The reality is that if you’re just getting started, your one or two Sam Smith webcam covers probably aren’t going to get taken down. You likely won’t even receive legal contact from the publisher. However, once you start garnering some attention, this is where things get tricky.

To The Moderately-To-Very-Well-Known Artist

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What’s your YouTube view Want More YouTube Views? 5 Key Tips To Follow Want More YouTube Views? 5 Key Tips To Follow Here’s the situation: you've been putting out YouTube videos for a while now and you aren't sure why your viewership hasn't skyrocketed. It’s not uncommon, and people ask how to increase video views all the... Read More count? Maybe 7000 to 10000 views? More? Awesome. Well… this means you’re getting some attention, and this also means there’s more of a chance that your covers will get some legal attention.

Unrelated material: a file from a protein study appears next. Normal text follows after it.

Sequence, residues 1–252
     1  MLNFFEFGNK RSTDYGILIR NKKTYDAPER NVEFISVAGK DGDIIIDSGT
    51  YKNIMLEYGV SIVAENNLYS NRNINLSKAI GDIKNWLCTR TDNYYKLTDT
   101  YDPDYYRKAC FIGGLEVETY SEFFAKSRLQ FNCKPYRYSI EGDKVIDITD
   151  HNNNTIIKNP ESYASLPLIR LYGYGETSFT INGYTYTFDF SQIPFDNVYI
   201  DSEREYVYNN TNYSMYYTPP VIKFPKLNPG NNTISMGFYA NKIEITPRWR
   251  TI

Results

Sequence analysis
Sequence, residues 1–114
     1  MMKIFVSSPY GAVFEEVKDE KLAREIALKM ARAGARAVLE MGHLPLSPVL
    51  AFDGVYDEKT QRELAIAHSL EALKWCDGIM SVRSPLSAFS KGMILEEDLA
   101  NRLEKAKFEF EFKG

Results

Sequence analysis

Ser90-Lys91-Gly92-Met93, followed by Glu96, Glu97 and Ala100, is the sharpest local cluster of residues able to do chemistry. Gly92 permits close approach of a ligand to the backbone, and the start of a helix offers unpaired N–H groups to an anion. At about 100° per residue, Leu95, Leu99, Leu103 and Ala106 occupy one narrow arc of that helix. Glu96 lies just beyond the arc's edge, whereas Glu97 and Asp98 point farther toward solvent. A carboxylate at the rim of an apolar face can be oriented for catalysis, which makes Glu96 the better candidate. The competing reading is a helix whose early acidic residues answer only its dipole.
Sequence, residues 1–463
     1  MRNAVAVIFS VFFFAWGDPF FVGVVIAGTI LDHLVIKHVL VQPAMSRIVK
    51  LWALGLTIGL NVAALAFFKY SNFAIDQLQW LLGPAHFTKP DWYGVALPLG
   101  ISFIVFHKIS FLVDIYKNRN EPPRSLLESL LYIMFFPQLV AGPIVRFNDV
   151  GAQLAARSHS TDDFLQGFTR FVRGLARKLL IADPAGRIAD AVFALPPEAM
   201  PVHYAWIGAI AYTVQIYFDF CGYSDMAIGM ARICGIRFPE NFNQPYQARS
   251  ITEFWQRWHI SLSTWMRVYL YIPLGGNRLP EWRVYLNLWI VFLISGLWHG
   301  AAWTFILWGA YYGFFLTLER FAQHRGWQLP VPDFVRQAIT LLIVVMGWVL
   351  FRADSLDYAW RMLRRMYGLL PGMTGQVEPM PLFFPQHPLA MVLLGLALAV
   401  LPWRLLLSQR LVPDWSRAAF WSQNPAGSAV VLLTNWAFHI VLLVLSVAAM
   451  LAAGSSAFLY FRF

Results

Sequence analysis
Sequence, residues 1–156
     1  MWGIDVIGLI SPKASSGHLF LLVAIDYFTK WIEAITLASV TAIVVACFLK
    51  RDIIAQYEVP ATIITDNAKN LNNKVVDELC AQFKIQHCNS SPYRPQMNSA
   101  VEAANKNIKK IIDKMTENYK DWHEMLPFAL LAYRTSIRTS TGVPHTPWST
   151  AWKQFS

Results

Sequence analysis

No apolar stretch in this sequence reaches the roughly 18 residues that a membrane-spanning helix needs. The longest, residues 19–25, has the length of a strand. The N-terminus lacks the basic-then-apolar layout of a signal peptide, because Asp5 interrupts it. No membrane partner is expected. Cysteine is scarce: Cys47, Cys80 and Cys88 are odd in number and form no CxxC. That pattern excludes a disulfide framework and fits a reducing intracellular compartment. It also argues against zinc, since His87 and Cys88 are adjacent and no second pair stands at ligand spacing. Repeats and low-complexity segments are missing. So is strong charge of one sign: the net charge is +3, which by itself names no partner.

You should know that there are two forms of copyright for songs. First, there’s copyright to the song’s words and music as well as for for performances, and then there’s something you might be a little more interested in (even though both matter), the copyright for the actual sound recording.

Now, if you’re just recording the cover and selling it online Great Sites To Sell Your Own Music On Great Sites To Sell Your Own Music On Have you decided to sell the music you so painstakingly create? However you decide to distribute your music, MakeUseOf has got you covered! The websites here have tried and true services to help you. Read More , this is incredibly easy to do. All you need is to obtain something called a mechanical license from a licensing company such as the Harry Fox Agency or Limelight. Typically, you just need to pay something in the realm of ~$0.10 per (estimated) sale.